Categories: Machinery Diagnostics,Condition Monitoring,Machinery Maintenance,Other Topics

Setting Up a Motor-Gearbox for Vibration Measurement

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By on May 25, 2017

Gearboxes are common in industry.  They are used to increase or decrease speed from the driver, provide increased torque, and change direction of power transmission.

 

There are two main types of commonly-used gearboxes:

 

GEARBOX TYPE

  • Parallel or Standard Gearbox-one where the input and output shafts are parallel.
  • Bevel or Right Angle Gearbox-one where the input and output shafts are not parallel. In most cases, the input and out shafts are at right angles.

 

Of these, gearboxes can be:

  • Single Stage-consisting of one input shaft with one gear and two bearings, and one output shaft with one gear and two bearings.
  • Multi-stage-consisting of more than two shafts, more than two gears, and more than four bearings.

SINGLE STAGE GEARBOX

An important part of the gearbox setup is the Multiplication Factor.  This is a multiplier which is used to calculate the output speed of the gearbox, since practically all gearboxes are either slower or faster than the motor speed.

 

You simply take the motor rpm, and multiply it by the Multiplication Factor.  If the multiplication factor is more than 1, it means the output speed of the gearbox is more than the motor speed.  If the multiplication factor is less than one, the output speed of the gearbox is less than the motor rpm.

IF THE MOTOR RPM AND GEAR RATIO IS KNOWN

  • Let’s say the gearbox name plate says the gear ration is 4.32:1. That means for every 4.32 rotations of the motor, the output shaft on the gearbox turns one revolution.  1 / 4.32 = .231.  That is the Multiplication Factor.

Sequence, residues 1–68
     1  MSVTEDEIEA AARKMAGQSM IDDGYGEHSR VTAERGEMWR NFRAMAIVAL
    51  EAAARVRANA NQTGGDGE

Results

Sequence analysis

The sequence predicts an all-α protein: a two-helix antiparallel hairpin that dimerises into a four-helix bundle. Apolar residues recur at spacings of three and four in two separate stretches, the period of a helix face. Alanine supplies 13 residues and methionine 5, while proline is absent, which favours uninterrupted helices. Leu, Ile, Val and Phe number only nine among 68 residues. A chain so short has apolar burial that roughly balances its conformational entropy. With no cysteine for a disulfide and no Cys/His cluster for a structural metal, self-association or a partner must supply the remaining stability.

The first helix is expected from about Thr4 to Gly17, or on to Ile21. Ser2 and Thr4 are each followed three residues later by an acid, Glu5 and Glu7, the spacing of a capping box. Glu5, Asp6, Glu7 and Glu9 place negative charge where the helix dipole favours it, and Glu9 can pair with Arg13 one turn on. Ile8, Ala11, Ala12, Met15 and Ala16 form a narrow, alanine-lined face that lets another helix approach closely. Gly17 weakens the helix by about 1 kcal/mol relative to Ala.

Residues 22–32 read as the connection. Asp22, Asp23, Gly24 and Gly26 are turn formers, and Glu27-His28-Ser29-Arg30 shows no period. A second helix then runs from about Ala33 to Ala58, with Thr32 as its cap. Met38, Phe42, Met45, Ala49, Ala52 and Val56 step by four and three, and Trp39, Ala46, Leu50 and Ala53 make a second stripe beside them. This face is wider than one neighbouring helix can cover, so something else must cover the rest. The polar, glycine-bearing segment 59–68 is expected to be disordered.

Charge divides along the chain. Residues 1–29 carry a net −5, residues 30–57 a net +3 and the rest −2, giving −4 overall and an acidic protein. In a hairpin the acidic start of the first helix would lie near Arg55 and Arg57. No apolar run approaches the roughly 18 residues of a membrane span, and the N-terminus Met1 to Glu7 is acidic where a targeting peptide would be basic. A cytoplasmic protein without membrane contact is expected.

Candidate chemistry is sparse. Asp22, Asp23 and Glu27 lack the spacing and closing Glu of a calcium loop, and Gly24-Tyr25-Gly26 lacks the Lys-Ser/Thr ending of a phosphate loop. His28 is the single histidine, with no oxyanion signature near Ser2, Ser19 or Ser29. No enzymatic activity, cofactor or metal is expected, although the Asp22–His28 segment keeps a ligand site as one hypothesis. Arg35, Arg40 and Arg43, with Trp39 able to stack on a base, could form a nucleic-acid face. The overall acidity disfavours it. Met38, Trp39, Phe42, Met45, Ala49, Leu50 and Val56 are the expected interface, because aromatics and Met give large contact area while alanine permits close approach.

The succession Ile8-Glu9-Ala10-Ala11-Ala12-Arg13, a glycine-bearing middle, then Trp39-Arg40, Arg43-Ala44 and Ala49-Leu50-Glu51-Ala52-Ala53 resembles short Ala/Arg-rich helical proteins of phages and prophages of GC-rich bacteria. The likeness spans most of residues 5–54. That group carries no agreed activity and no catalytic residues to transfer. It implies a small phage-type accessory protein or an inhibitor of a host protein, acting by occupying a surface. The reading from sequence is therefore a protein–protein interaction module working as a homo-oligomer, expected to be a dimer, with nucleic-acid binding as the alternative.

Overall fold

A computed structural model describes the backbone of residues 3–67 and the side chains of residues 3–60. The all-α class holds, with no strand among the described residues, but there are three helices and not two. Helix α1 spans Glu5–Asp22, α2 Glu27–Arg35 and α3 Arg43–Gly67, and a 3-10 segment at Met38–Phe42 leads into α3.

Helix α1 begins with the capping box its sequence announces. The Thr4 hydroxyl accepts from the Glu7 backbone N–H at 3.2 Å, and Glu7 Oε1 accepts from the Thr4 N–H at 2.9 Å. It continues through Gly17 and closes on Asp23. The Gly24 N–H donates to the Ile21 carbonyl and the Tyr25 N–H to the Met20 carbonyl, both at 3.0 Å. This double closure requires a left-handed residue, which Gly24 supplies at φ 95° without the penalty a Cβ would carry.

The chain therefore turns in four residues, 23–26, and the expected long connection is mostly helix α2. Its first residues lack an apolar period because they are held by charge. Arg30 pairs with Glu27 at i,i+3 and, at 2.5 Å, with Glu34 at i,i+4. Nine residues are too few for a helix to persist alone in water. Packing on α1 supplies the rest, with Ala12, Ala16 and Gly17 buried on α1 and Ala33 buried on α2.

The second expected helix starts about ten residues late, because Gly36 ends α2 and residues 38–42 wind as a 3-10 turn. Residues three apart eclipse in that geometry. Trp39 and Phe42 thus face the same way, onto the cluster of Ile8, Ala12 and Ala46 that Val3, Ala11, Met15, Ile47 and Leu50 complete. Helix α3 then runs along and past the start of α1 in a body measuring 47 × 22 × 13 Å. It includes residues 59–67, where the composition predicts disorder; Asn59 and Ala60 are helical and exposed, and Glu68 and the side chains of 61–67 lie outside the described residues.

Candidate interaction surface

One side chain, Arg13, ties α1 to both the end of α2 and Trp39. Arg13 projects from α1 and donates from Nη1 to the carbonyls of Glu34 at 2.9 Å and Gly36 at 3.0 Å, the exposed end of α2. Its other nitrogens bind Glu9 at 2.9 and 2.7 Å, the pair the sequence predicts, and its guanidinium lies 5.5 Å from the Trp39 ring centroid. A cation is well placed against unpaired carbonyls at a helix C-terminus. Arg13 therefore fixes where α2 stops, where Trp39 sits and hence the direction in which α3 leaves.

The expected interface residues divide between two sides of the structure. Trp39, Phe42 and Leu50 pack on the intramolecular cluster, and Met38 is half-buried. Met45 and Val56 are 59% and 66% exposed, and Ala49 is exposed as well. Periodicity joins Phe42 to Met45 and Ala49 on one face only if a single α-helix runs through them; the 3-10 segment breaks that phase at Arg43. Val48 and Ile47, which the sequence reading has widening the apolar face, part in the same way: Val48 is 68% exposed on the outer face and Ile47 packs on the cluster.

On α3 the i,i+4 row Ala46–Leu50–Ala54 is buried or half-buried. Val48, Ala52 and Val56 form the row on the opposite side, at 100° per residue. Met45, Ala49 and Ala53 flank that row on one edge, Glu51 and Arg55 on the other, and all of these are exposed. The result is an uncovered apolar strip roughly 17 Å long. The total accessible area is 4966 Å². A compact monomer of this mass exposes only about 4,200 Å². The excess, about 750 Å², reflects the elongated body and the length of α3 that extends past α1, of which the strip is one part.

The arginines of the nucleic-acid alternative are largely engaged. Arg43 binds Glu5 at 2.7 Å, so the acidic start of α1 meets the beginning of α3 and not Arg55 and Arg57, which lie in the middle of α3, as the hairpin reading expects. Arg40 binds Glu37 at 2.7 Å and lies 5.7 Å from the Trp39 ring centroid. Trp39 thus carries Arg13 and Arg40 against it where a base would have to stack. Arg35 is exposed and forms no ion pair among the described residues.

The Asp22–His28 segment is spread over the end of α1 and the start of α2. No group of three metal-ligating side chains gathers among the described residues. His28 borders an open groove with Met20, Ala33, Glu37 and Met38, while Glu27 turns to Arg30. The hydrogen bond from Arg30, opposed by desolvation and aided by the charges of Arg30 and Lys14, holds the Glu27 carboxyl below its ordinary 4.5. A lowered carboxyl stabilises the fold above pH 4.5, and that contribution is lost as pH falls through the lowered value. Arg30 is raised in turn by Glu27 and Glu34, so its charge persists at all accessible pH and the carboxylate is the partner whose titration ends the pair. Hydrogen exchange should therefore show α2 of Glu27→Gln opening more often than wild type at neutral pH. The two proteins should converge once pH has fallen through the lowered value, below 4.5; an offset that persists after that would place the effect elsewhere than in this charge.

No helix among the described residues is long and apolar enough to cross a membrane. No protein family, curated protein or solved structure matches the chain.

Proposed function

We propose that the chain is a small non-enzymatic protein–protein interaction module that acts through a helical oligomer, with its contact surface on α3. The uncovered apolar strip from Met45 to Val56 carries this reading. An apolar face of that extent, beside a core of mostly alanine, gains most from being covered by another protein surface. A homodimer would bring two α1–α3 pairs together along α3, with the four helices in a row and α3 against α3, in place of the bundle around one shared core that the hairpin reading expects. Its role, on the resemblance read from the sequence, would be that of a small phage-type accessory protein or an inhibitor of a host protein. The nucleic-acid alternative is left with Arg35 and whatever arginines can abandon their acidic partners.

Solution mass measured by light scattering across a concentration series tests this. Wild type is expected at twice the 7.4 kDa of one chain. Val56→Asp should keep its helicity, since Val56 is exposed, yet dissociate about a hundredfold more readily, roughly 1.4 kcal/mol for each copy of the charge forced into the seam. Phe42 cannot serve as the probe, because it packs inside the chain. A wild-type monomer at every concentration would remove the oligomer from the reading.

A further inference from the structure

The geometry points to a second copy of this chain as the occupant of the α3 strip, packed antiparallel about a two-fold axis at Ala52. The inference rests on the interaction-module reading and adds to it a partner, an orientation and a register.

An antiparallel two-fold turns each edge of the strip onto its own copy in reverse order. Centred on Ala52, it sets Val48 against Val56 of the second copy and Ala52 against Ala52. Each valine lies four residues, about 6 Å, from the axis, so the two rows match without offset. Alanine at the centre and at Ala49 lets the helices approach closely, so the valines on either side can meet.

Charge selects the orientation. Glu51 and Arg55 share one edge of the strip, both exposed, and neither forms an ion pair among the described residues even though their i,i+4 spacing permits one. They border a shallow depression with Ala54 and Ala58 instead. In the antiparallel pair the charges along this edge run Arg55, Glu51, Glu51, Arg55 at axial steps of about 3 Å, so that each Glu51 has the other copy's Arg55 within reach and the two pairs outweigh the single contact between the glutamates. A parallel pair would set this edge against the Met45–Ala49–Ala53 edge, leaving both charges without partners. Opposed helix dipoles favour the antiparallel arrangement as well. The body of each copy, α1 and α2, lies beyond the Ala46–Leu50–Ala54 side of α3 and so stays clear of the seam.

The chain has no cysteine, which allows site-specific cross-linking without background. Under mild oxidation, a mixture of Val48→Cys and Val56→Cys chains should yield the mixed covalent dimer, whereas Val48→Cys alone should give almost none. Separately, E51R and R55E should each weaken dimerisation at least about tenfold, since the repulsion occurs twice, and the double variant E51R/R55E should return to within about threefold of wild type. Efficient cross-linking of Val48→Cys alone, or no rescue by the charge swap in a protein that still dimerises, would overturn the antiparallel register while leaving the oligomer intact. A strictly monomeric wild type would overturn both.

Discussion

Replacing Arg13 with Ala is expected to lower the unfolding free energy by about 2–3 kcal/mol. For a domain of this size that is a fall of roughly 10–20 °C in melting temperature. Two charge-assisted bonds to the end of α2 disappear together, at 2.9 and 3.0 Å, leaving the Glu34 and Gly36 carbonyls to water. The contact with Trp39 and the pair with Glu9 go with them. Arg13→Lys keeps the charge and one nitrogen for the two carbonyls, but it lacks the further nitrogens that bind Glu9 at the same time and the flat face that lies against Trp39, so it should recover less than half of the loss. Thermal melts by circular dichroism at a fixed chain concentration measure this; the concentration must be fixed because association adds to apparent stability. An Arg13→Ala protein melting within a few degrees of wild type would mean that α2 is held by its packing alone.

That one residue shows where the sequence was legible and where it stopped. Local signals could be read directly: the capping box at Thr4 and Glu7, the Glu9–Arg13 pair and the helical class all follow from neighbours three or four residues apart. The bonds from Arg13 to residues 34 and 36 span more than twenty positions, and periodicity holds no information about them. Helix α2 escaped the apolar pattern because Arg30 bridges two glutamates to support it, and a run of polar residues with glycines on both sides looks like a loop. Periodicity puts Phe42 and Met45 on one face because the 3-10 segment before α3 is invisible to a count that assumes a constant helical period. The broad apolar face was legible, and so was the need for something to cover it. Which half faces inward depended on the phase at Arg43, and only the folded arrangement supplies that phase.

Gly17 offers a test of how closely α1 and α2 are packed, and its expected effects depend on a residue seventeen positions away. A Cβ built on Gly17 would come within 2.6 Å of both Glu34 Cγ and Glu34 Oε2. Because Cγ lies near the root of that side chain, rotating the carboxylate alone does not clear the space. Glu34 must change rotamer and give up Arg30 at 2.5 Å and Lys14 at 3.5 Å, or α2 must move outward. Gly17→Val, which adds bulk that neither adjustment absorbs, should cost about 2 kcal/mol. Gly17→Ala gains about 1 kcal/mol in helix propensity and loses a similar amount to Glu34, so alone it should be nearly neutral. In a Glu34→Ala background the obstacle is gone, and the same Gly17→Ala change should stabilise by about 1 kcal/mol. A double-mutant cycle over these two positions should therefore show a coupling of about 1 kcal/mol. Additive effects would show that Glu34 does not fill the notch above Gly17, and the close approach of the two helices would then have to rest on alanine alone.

IF THE INPUT AND OUTPUT SPEEDS ARE KNOWN

  • Let’s assume an input speed of 1763 (motor rpm), and an output speed of 408 rpm. 408/1763 = .231.  That is the Multiplication Factor.

IF NEITHER SPEED IS KNOWN

  • Use a stroboscope or photo-tachometer to lock onto the motor rpm (1763) and the gearbox output rpm (408). 408/1763 = .231.

IF THE GEAR TOOTH COUNTS ARE KNOWN

  • If you know the number of teeth on the input gear, and on the output gear, you can calculate the multiplication factor.
  • If we had 44 teeth on the input gear, and 190 teeth on the output gear, we would calculate the ratio as .231

 

MULTI-STAGE GEARBOX

If we have a gearbox with multiple stages, it means there are:

  • More than two shafts
  • More than two gears
  • Typically, two bearings per shaft.

Calculating the output speed is done the same way as above.

With traditional vibration tools, many other things are required, such as:

  • Accurate gear tooth counts
  • Gear mesh frequencies
  • Bearing numbers for each bearing on each shaft.

With one of the new machinery diagnostic tools, like the OneProd HAWK, the data inputs are much simpler. The HAWK uses ISO specifications and specialized “smart” software to determine bearing and gear faults.  So, the only requirements are the input speed, and the multiplication factor.  This makes an accurate determination of the gearbox health simple.

Want to know more?  See the Hawk at https://vibralign.com/tools/machinery-diagnostics/hawk-supervisor/

 

About the Author

Stan Riddle joined VibrAlign in 2008. He has over 35 years experience in aligning industrial machinery. Stan received his AAS Degree in Machinist Technology from Surry Community College in Dobson, NC, and also holds a diploma in Industrial Systems Technology from Forsyth Technical Community College in Winston-Salem, NC, where he was also an instructor in the program.

Stan began his maintenance career working as a machinist and millwright for companies such as Weyerhaeuser, R.J. Reynolds, and Tyco Electronics. He also has over 25 years experience in Predictive Technologies, such as vibration analysis, thermography, oil analysis, and ultrasonic inspection. He is a certified Level III Vibration Analyst with the Vibration Institute, and is a Past Chairman and Board Member of the Piedmont Chapter.

Stan and his wife live in Yadkinville, NC.

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